The rum-runners called them Whiskey Sixes – big, fast machines that defied Prohibition and ran moonshine across the mountains. Back in the twenties, Alberta was a dry province, so a few enterprising B.C. backwoods distillers loaded up their powerful McLaughlins and headed east, hoping to dodge police and return with pockets bulging with illicitly earned cash.
Pulling out to overtake a slow-moving tractor-trailer, I put my right foot down and consider what a “quick six” means today. The Ford heritage might be wrong. McLaughlins were powered by Buick and the company was eventually absorbed by GM. However, the cylinder count in the big Lincoln is right, and the way it picks up its skirts and hauls for the hills is as high-proof as it gets.
Fernie is one of the jewels of the Kootenays, a clean-aired mountain town enjoying the fruits of year-round appeal to tourists. In the winter, it’s the skiing. In the summer, the streets are filled with downhill mountain bikes strapped to the backs of crossovers, as well as trucks hauling boats.
The Navigator is exactly the machine you’d expect here, the sort that has towed a ski boat from Vancouver or Calgary. It’s a full-size, body-on-frame SUV built for life in the country.
Yet it’s as prettily outfitted for upscale city living as a luxury apartment building. Which it happens to be the size of. This is one big rig, well polished though it may be. Like moonshine runners, surely the time for huge, fancy SUVs has passed?
The rate at which the Navigator passes gas stations will have you thinking otherwise. Fitted with a twin-turbo V-6, which it shares with the outrageous Raptor variant of the Ford F-150, the Navigator nevertheless returns highway fuel economy to nearly match a three-row crossover like the Honda Pilot.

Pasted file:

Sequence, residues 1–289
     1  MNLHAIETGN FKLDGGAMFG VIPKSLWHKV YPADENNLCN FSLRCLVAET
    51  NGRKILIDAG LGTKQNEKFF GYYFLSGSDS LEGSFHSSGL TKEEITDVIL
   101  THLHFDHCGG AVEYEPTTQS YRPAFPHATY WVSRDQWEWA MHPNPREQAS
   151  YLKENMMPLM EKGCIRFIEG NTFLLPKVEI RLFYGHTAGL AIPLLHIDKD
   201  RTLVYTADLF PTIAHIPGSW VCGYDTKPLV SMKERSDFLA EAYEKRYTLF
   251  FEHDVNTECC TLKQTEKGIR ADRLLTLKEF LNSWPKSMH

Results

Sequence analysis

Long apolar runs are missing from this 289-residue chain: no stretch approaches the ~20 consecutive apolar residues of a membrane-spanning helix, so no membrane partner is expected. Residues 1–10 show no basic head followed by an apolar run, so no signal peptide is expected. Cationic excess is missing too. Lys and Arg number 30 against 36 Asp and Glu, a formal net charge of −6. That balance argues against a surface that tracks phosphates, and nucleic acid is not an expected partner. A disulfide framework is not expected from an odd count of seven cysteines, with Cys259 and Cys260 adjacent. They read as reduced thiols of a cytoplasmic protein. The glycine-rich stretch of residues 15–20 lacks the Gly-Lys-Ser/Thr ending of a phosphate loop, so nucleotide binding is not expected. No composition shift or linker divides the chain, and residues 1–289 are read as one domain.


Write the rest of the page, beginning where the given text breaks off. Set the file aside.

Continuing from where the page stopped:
In the city and around town, the Navigator is a sight less wieldy and also distinctly thirsty. It is, however, extremely powerful, shrugging off its tremendous curb weight with ease. It’s about as quick up to highway speeds as a Volkswagen Golf GTI despite casting a shadow as big as a Lufthansa Boeing 747.
Furthermore, the Navigator is distinctly American in the way it delivers luxury. It doesn’t defy cornering physics like a Porsche Cayenne, but instead isolates driver and passengers from the road. The seats are incredible, offering near-unlimited adjustability and even a massage function. The light-up front badge is unapologetically ostentatious.
In many ways, the Navigator shares traits with the Continental coupes and sedans that built the Lincoln brand in its heyday. It’s large, ultra-capable and a little wallowy. Cadillac has painted itself into a corner by trying to offer performance and luxury at the same time. With vehicles like the Navigator and the upcoming Aviator, Lincoln promises comfort and quality foremost.
It’s a pleasurable blend of ample power to pass the semi-trailers blocking the view, and a refined luxury that encourages a relaxed pace. There are no stopwatches in the mountain passes, only a stunning landscape that’s worth lingering over.
But the constables are still out there, even if they’re not looking for wooden crates filled with bathtub gin anymore. In the Navigator, we simply roll past with a smile and a wave, coddled and confident, slickly urban but laid-back, country-style.
- Price: $84,045 (base); $102,200 (as tested)
- Engine: 3.5-litre twin-turbo V-6
- Transmission/drive: 10-speed automatic rear-wheel-drive
- Fuel economy (litres/100 km): 15.0 (city); 11.4 (highway)
- Alternatives: Cadillac Escalade, Mercedes-Benz GLS, Range Rover
Stay on top of all our Drive stories. We have a Drive newsletter covering car reviews, innovative new cars and the ups and downs of everyday driving. Sign up today.